As Dave Rosgen once wrote: “Protect the best, Restore the rest”.

Water Resources Engineering is the understanding natural processes of the hydrological cycle to plan, design, procure, build, manage, and operate infrastructure to meet the often-competing demands of domestic users, industry, agriculture, and navigation. We also undertake hydraulic analyses of our river systems to determine flood depths, velocities, and floodplain limits. Our Water Resources Engineers support our key activity of stream assessment and restoration design by providing the following services:

  • 1D and 2D Hydraulic Modelling including the preparation of floodline and floodplain mapping in CAD or GIS (e.g. HEC-RAS, River 2D, etc.).
  • Hydrologic Modelling for water quantity and quality modelling of our local watersheds (e.g. HEC-HMS, GAWSER, SWMHyMo, QUALHYMO, etc.).
  • Monitoring the surfacewater quantity and quality of watershed conditions, construction performance, systems compliance and effectiveness including development of the monitoring program, QA/QC, statistical analyses, mapping, reporting and integration.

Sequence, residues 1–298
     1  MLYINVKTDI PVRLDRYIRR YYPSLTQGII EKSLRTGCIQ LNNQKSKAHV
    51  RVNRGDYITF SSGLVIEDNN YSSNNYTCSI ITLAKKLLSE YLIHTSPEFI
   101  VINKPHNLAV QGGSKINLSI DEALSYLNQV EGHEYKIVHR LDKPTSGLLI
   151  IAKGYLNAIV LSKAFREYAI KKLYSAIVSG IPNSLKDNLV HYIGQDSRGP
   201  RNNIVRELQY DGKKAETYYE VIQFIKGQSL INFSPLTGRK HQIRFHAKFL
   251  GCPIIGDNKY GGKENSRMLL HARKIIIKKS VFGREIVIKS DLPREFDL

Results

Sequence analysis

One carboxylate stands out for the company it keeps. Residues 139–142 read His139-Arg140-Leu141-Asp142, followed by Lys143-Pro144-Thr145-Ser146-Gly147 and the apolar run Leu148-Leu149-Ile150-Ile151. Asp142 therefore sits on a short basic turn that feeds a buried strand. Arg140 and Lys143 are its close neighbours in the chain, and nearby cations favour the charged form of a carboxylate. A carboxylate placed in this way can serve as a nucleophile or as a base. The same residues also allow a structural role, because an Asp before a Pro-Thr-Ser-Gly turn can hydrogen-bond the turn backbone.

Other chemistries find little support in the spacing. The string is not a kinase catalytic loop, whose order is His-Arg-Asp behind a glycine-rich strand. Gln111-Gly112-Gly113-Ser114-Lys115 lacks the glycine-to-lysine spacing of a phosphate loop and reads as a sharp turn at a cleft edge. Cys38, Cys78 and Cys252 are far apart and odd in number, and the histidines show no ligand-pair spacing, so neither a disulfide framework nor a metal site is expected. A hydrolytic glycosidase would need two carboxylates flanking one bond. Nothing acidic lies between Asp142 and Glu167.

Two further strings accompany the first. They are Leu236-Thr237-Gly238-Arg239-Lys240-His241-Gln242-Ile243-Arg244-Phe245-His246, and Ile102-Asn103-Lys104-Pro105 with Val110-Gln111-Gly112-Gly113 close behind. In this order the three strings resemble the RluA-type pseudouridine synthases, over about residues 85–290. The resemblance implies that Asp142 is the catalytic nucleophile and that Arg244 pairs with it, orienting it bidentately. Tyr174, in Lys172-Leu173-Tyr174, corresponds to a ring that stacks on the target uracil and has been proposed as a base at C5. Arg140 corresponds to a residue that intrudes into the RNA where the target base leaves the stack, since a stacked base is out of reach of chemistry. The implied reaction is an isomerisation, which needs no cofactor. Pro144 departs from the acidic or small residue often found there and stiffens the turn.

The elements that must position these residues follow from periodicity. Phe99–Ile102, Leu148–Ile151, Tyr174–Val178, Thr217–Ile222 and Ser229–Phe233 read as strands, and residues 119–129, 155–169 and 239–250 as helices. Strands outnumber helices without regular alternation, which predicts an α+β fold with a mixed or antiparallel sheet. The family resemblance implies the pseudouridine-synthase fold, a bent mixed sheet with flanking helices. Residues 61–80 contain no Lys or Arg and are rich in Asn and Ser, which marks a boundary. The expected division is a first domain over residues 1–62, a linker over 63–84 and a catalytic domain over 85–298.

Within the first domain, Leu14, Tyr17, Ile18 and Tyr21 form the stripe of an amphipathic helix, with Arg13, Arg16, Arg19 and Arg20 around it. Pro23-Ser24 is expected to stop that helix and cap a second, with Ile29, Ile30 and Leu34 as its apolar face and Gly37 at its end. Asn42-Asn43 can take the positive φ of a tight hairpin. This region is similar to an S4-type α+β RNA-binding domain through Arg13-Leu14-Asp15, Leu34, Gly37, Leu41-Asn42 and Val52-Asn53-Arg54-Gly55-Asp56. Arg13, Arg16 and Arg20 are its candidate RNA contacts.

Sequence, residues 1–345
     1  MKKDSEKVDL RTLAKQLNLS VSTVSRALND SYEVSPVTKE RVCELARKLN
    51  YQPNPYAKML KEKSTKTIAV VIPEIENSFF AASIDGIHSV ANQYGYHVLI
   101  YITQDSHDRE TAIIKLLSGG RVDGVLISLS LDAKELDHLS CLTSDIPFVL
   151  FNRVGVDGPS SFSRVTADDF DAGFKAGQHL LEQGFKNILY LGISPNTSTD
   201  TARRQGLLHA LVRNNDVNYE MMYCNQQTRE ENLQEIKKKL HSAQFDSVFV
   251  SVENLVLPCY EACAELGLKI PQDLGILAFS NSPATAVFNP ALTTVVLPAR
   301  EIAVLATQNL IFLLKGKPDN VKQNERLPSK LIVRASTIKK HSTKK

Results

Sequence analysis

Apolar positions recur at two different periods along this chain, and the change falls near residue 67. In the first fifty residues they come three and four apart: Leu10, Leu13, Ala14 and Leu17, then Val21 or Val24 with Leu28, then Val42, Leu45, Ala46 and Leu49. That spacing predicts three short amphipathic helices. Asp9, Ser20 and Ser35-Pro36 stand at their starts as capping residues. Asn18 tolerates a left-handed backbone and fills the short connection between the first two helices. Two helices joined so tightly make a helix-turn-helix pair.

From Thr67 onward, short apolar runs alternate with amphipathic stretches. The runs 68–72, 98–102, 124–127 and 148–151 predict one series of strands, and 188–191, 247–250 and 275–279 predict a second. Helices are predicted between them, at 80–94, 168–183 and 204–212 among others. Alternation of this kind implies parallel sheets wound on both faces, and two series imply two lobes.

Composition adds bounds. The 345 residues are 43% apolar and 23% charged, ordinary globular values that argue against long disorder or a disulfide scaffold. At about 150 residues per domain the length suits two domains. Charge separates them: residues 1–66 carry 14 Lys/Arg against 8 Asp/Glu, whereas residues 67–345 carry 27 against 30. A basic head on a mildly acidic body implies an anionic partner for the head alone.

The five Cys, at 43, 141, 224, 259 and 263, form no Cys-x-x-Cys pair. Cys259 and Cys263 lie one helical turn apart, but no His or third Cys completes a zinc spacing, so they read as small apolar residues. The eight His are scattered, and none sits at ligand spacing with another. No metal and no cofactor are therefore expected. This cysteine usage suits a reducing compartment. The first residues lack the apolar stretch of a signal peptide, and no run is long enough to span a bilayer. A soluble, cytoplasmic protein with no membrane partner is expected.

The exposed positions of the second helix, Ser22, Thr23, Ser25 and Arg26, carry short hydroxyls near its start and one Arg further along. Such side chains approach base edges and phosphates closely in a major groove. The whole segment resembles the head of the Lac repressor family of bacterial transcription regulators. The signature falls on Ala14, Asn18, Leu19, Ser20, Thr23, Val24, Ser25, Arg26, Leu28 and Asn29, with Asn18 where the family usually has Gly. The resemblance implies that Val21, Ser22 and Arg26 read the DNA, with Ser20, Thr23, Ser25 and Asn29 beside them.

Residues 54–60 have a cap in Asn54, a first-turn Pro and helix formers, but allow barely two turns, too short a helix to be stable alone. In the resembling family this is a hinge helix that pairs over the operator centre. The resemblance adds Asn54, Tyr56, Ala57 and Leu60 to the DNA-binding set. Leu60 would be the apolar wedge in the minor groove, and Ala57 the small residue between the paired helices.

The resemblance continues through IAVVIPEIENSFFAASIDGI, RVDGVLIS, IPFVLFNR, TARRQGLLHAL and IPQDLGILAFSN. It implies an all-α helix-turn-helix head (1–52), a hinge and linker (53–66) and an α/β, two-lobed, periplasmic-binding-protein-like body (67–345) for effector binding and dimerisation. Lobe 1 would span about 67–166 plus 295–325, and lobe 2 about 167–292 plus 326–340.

• Surveying using GPS and Total Station then brought into AutoCAD Civil 3D, we complete geomorphic and engineering surveys, Baseplan Preparation, Mapping, As-Constructed surveys and Layouts for a wide range of projects.
  • Contract Administration includes cost estimation, tender preparation, tendering, construction inspection, contract management, as-constructed surveys, and certification of construction activities.

The process of identifying flood prone areas using engineering methods is known as Flood Plain Mapping. The identified flood-prone areas are then used in land use planning, flood forecasting and other watershed management activities.